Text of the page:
Power of Color Coding

As finals loom over students’ heads, the most common items strewn about the library, coffee shop, and study lounge tables, is notes. 10 weeks of handwritten or typed hours in lectures and discussions pile up into a collective study guide for a final. But what do you do when you’re on hour 12 at the library and all your carefully-made bullet points start to look like floating dots next to hieroglyphics, or you suddenly can’t find the one term you need?  

If you’re finding yourself struggling to get through endless textbook pages or notes, and not just during finals, then you may want to consider giving color-coding a try. And if you’re already an avid color coder like I am, then get ready for the utmost praise of your craft.

The way I see it, there are three levels of color-coding: Basic, Intermediate, and Pinterest. Many average college students find themselves in the first two levels, and a select very small percentage who have impeccable handwriting and outrageous artistic skills reside in the Pinterest level. Here’s a breakdown of the above levels:


You really don’t do much with color in your academic life, maybe because you have limited faith in your artistic beliefs, or because all you really need to keep yourself is one colored pen per class. You live a simple color-coding life because anything more is just too much of a hassle.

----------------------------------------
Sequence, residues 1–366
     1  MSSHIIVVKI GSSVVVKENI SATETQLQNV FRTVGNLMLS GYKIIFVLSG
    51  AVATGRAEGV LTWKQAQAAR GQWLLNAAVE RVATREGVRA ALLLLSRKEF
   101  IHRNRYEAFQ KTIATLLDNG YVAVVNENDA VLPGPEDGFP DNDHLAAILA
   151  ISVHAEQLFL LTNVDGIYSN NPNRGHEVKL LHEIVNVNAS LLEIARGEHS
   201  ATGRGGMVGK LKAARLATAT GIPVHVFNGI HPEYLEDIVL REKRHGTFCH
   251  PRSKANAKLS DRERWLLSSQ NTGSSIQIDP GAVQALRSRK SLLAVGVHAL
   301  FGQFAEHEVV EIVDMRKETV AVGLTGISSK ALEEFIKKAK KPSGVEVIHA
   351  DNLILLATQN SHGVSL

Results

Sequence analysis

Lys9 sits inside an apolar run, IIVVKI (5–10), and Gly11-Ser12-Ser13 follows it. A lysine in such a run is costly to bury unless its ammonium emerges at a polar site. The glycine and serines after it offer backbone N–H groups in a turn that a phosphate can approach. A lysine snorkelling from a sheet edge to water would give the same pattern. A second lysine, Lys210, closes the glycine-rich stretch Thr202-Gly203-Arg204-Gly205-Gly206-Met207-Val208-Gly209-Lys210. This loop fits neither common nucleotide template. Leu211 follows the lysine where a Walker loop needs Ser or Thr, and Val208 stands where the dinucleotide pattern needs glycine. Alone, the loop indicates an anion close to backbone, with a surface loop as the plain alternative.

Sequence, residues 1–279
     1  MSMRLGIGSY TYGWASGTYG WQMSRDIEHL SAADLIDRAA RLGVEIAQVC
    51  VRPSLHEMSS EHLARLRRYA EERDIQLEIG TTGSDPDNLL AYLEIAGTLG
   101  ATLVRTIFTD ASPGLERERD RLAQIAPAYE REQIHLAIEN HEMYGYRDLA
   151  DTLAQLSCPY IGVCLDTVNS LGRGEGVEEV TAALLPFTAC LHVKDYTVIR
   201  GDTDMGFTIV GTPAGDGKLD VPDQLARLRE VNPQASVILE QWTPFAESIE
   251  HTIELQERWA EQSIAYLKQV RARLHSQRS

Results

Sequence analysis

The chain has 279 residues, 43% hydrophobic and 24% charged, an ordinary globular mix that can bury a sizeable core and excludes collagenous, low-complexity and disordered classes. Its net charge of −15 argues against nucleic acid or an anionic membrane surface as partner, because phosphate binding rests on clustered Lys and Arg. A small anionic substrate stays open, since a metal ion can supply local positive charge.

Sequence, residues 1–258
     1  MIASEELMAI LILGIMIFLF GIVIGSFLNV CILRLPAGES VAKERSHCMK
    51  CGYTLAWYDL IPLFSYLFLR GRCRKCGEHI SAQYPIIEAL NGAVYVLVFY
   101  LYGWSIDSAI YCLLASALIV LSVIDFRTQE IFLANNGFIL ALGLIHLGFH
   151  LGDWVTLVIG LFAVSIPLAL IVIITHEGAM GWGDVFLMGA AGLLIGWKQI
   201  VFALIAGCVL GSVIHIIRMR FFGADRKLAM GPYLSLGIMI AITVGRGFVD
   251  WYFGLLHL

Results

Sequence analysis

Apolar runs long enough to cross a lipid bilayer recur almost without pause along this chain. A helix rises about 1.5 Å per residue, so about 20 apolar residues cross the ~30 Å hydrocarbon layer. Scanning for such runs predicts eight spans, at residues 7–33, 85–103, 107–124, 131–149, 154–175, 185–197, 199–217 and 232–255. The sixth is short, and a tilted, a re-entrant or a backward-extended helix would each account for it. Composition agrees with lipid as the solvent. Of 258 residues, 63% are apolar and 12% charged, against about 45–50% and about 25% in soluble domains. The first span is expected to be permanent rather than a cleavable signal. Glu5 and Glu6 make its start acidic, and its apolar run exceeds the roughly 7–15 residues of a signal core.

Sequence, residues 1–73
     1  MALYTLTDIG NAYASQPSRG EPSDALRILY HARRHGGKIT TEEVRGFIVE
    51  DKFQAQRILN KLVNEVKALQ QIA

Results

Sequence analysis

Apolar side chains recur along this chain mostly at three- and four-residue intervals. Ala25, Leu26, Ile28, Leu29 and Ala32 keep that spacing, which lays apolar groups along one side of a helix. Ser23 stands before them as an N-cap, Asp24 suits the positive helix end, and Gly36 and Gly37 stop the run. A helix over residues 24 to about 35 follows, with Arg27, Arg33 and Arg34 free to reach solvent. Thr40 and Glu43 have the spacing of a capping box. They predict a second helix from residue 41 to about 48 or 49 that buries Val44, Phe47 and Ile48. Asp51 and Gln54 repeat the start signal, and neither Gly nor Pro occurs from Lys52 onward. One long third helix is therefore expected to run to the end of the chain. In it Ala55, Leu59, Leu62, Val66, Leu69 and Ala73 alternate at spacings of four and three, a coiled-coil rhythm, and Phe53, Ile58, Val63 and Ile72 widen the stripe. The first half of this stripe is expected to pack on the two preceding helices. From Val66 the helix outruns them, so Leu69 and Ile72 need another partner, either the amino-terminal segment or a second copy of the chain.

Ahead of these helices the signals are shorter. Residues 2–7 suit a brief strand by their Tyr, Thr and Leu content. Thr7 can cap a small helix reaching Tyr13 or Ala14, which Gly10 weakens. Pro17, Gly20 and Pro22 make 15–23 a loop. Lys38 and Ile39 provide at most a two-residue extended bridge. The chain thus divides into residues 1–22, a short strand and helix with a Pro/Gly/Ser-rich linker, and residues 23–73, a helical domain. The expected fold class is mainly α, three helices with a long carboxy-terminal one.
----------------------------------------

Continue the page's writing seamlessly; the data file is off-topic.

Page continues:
You go a bit above and beyond the basic level. Each class in your planner has a designated color, but different types of assignments also are color-coded for one heck of a rainbow-ed planner. Your extracurriculars are also colored accordingly so that you know exactly how crazy each week of your quarter will be.

Image Source: Bich Tran 


You definitely have a bullet journal that you spend an entire day each month curating carefully with a planned (and very detailed) theme that you likely got from Pinterest or YouTube. You have perfected the art of fancy calligraphy fonts for the handwritten notes you take during lectures. You can draw straight lines without using a ruler. Your notes are a work of written art and probably are a heavily pinned Pinterest post, or at least were based on one.

Regardless of what level of color-coding you fall into or even if you don’t find yourself in one at all, there are definitive benefits to color-coding. Using certain colors to highlight or write may help you remember details when it comes time to study for a big test. Colors also make notes much easier to read and thus easier to study. Think about it, when have you ever been thrilled to open a textbook open to boring black and white text for your 30-page reading due the next day? But something as simple and classic as a yellow highlighter brightens up the page and, when you have to revisit those pages to study for your final, immediately draws your eyes in.

You might be critical of color-coding, as it does take some extra time and resources (and by that, I mean you’ll get really good at switching between different colored pens in class). But with a quick search, you can easily find studies done on the psychological and scientific benefits of color-coding and how it can help students remember terms or dates and study more efficiently. And who doesn’t want more efficient studying during finals?

Find some Pinterest inspiration and ideas here.